Theresa May faced cross-party calls to sack her transport secretary, Chris Grayling, last night, after the calamitous collapse of a no-deal Brexit ferry contract handed to a company with no ships.
Senior Tories said the prime minister had turned “a blind eye” to Grayling’s decision to award the £13.8m contract to Seaborne Freight to run ferries between Ramsgate and Ostend, despite widespread derision and accusations that it had been awarded illegally.
The collapse of the contract comes amid growing unease in the international business community about Britain’s preparedness for a no-deal outcome, with less than 50 days until Brexit is due to take place.
Several MPs suggested Grayling should now consider his position after his department revealed the contract had been cancelled, and Bob Kerslake, the former head of the civil service, said the saga would “just confirm the view of many that this country is in a mess”.
Anna Soubry, a former Tory business minister, said Grayling “should be quietly considering his position”.
“Chris Grayling holds a critical position in government, trying to mitigate what would be a very serious crisis for the country if we leave the European Union without a deal,” she said. “He has no grip on the very serious nature of his job. The prime minister should also be considering whether there is not someone else who could do the job better.”
Another senior Tory MP said Grayling was a “walking disaster zone”, adding: “A no-deal Brexit would be a major national crisis and stories like this suggest we have not got the people in place who are capable of responding to it.”
Another said: “Grayling never has a grip on the detail, as the Seaborne mess shows. His Heathrow proposal will be just the same but way more costly. The PM just turns a blind eye, for some reason.”
Andy McDonald, the shadow transport secretary, said: “While Theresa May needs the few friends she has right now, we cannot have this incompetent transport secretary heaping humiliation after humiliation on our country. He has to go.”
Joining the attacks, Vince Cable, the Lib Dem leader, said: “I very rarely call on ministers to go, but failing Grayling has made too many crass mistakes. He has already lost the confidence of the civil service as they now require a ministerial directive for the government to spend money on ferries.”
Downing Street last night said the prime minister had full confidence in Grayling.
The Department for Transport said the deal was terminated after Irish company Arklow Shipping, which had backed Seaborne, stepped away from the deal. “It became clear Seaborne would not reach its contractual requirements,” a spokeswoman said. “We have therefore decided to terminate our agreement.”
Having awarded the contract to a company without ships, the deal with Seaborne descended further into farce when it emerged the company had copied terms and conditions from what appeared to be a pizza delivery company onto its website.
Several weeks later, the transport select committee published correspondence with Grayling in which he brushed off allegations that the government may have acted illegally by failing to put the deal out to tender.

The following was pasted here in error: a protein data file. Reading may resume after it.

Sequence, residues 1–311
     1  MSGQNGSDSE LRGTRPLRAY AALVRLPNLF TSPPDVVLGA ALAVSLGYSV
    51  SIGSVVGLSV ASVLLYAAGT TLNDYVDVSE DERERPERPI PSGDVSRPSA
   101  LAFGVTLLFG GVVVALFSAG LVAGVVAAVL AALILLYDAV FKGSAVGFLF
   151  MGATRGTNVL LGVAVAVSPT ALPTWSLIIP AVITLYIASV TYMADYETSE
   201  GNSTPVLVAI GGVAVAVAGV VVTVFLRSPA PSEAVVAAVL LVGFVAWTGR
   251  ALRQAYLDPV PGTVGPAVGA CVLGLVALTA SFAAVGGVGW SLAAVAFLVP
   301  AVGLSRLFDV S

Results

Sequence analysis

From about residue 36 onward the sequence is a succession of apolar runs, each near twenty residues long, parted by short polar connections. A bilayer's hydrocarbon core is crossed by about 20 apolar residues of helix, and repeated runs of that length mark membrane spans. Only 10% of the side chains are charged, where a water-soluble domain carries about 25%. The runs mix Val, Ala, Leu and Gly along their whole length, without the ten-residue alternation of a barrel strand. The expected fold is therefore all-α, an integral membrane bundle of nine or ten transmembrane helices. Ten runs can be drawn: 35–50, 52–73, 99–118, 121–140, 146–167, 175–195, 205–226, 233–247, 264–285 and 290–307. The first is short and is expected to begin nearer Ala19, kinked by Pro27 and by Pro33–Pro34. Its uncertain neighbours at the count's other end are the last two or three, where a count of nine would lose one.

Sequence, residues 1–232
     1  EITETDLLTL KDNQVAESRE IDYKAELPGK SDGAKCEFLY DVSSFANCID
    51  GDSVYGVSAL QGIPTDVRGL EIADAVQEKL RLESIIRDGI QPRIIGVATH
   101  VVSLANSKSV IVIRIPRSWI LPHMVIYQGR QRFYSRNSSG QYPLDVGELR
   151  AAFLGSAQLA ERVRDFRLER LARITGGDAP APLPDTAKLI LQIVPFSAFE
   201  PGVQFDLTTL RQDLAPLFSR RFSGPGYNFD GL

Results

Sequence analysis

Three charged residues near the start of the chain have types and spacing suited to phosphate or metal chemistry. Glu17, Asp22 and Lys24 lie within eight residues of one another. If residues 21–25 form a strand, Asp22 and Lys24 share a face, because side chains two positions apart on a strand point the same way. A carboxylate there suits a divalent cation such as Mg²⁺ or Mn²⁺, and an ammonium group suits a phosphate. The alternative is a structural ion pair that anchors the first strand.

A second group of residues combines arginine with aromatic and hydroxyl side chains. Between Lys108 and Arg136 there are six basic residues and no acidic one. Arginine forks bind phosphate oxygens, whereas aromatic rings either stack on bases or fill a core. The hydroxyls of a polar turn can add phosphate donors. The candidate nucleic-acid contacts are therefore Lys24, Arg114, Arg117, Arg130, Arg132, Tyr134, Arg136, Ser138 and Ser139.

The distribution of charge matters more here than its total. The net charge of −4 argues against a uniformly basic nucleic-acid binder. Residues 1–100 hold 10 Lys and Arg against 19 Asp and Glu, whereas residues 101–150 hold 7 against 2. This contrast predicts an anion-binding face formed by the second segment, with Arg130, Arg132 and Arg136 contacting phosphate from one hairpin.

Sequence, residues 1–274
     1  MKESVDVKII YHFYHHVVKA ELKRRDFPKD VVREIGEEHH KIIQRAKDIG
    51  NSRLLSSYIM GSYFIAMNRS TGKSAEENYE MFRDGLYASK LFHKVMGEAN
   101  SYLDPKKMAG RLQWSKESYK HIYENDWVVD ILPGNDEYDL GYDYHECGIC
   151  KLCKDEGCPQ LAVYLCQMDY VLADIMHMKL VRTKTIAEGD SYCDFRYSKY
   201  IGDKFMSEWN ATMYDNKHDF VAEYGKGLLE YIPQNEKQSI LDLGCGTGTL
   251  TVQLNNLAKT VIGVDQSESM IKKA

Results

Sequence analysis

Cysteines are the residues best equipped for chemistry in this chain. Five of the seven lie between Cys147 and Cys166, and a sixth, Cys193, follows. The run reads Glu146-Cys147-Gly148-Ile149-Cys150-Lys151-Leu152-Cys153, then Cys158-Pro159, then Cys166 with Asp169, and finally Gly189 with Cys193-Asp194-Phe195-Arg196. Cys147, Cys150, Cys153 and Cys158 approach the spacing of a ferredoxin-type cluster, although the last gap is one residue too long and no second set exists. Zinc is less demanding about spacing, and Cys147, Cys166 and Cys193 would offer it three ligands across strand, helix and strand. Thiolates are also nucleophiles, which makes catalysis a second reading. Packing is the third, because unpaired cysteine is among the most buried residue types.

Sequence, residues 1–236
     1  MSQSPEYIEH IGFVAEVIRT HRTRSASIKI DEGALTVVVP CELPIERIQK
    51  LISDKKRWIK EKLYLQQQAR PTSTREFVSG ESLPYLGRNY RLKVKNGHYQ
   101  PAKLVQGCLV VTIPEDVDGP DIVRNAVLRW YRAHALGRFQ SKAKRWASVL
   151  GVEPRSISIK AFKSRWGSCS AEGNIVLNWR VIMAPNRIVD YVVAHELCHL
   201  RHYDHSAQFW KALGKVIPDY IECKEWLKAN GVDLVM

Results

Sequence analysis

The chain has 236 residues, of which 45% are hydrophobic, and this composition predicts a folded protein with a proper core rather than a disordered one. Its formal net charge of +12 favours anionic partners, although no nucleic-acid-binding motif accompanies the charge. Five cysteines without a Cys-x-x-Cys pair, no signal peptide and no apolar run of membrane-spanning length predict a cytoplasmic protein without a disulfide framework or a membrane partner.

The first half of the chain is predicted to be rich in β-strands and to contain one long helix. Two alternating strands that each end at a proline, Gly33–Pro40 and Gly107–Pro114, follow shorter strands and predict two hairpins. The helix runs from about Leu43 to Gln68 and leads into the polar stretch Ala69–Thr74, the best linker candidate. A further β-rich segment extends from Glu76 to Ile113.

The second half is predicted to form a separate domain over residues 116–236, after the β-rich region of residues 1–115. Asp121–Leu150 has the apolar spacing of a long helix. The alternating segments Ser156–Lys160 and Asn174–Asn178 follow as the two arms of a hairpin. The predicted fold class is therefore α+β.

Lilian Greenwood, the committee’s Labour chair, said the government “should be embarrassed about how this tale is unfolding”. She added: “We must also remember the bigger question we raised, about whether any of the ferry contracts are legal. Grayling’s answer was inadequate and ignored the legitimate concerns.”
Lord Kerslake said “severe damage” had already been done to the UK’s international standing and influence as a result of the Brexit vote. “This appalling saga will confirm the view of many that this country is in a mess,” he said. “However committed and able civil servants are they cannot substitute for effective political leadership.”
Grayling, one of the cabinet ministers who voted for Brexit at the referendum, was defended by fellow Brexiters last night. Former Brexit secretary David Davis said: “The department was right to award this and right to take action now. The important thing is that both Calais and the department are working extremely hard to keep trade moving.”
Jacob Rees-Mogg, another leading pro-Brexit Tory MP, suggested Arklow might have ended support after political pressure in Ireland.
There is increasing international business concern about the prospect of a no-deal Brexit. The Japan Business Council in Europe, a body that represents the European arms of 85 Japanese companies including Fujitsu, Hitachi, Toyota, Honda and Panasonic, said its members were preparing for the “severe consequences” of leaving the EU without a deal.
“A no-deal exit would bring severe consequences not only to our member companies directly, but also to our supply chains and customers,” said Lars Brückner and Graham Holman, joint heads of the council’s Brexit task force. “It would therefore have a series of negative impacts on the economy and citizens more broadly. JBCE member companies are speeding up and finalising contingency planning in preparation for a no-deal Brexit.
“This affects a broad range of business and support activities, including supply chain management and logistics, customs and duties, regulatory and compliance, data flows and transfer, HR and employment and finance and investment.”